New AHA CPR Recommendations
By Peter J Klotunowitch
A leading cause of death in the United States, cardiac arrest is caused when the heart suddenly stops, usually due to an electrical malfunction in the heart that causes an irregular heartbeat and disrupts blood flow through the body. Survival depends on immediate CPR and other actions starting with bystanders.
American Heart Association CPR Guidelines: quick action, more teamwork key to saving more lives
According to the American Heart Association’s 2015 Guidelines Update for Cardiopulmonary Resuscitation (CPR) and Emergency Cardiovascular Care (ECC), People should continue to jump in quickly to give CPR, using breaths if they’ve been trained in CPR and employing mobile technology to speed up the rescue of cardiac arrest victims.
“Everyone has a role to play in the chain of survival – from bystanders to dispatchers, emergency responders to healthcare providers,” said Dr. Mark A. Creager, president of the American Heart Association and professor of medicine at Geisel School of Medicine at Dartmouth and director of the Heart and Vascular Center at the Dartmouth-Hitchcock Medical Center in Lebanon, NH. “When everyone knows their role, knows CPR and works together, we can dramatically improve cardiac arrest victims’ chances of survival.”
The AHA guidelines, which are based off the latest resuscitation research, have been published since 1966 to provide science-based recommendations for treating cardiovascular emergencies – particularly cardiac arrest in adults, children, infants and newborns. This 2015 update confirms known CPR recommendations with several quality enhancements to help save even more lives, including a range for the rate and depth of chest compressions during CPR. The last update to the guidelines was in 2010.
Key points from the 2015 Guidelines Update provides bystanders, dispatchers and communities with practical guidance to improve the effectiveness of their teamwork:
Untrained bystanders should still call 911 and provide Hands-Only CPR, or CPR without breaths, pushing hard and fast in the center of the chest to the rate of 100-120 compressions per minute. However, if the bystander is trained in CPR and can perform breaths, he or she should add breaths in a 30:2 compressions-to-breaths ratio.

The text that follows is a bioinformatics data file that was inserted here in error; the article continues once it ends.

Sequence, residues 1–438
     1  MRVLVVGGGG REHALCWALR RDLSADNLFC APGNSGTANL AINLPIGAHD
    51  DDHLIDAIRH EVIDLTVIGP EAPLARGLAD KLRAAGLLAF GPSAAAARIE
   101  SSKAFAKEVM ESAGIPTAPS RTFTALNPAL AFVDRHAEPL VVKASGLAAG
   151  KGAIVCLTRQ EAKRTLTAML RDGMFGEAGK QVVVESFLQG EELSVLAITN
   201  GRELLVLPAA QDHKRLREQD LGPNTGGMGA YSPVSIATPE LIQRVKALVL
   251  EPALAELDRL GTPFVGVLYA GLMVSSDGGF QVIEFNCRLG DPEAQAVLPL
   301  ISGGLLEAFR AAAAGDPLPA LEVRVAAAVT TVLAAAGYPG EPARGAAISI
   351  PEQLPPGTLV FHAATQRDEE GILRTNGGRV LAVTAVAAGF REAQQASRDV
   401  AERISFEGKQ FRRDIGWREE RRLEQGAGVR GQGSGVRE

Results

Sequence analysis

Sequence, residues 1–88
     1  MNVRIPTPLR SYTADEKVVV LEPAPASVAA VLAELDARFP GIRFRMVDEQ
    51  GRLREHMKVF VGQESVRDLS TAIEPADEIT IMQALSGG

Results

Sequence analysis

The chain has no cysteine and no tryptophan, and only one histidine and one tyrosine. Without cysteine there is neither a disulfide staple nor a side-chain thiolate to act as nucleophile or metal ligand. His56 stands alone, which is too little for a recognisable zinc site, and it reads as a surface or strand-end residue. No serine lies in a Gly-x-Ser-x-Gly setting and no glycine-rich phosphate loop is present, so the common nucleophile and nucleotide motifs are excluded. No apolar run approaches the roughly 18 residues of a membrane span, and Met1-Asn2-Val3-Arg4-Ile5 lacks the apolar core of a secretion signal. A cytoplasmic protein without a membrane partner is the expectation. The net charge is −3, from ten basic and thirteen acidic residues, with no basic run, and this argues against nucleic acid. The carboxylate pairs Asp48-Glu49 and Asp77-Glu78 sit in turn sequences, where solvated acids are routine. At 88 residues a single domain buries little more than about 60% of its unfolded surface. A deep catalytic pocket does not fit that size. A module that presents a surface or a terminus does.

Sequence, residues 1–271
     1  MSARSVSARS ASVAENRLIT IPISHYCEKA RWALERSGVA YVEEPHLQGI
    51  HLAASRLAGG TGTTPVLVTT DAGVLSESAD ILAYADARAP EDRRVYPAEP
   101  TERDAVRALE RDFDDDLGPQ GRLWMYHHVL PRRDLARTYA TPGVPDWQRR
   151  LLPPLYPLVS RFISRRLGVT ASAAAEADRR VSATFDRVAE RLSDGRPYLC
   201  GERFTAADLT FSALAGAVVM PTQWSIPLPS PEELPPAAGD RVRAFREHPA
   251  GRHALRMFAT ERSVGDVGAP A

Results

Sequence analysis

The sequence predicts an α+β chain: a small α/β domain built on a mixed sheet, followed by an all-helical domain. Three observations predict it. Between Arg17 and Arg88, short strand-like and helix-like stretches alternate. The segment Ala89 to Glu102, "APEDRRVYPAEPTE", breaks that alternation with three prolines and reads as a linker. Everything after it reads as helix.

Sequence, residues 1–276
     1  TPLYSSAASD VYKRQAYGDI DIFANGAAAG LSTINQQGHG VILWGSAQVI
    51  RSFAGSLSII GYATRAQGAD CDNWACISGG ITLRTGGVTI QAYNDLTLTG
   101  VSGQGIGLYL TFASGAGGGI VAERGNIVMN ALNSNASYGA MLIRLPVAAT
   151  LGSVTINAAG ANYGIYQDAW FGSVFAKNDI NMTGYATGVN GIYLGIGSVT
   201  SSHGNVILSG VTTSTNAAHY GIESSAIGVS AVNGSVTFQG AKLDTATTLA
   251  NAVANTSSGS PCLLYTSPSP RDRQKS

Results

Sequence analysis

Bystanders should use mobile phones to immediately call 911 and the phones on speaker, so the dispatcher can help bystanders check the victim’s breath, get the precise location for EMS and provide instructions for performing CPR.
Community Dispatchers should be trained to help bystanders check for breathing and recognize cardiac arrest. Dispatchers should also be aware that brief generalized seizures may be an early sign of cardiac arrest.
Improving Healthcare’s Systems of Care
Inside hospitals, CPR training is foundational to the lifesaving care healthcare systems provide, considering about 200,000 cardiac arrests occur in hospitals annually. Yet, research shows resuscitation skills can decline within a few months – far before the two-year current evaluation standard. Frequent training ensures hospitals are continuously evaluating how to deliver patients the highest quality of emergency cardiovascular care.
“The 2015 update calls for integrated systems of care that participate in continuous quality improvement and that provide a common framework for both community and healthcare-based resuscitation systems,” said Clifton Callaway, M.D., Ph.D., chair of the AHA’s Emergency Cardiovascular Care committee and professor of emergency medicine at the University of Pittsburgh. “We must create a culture of action that benefits the entire community in which it operates, inside and outside the hospital setting.”
This year’s update provides recommendations on the data where new evidence requires a systematic review, in part, due to a network of trainers who regularly implement the CPR guidelines and rely on the science to inform the most effective care.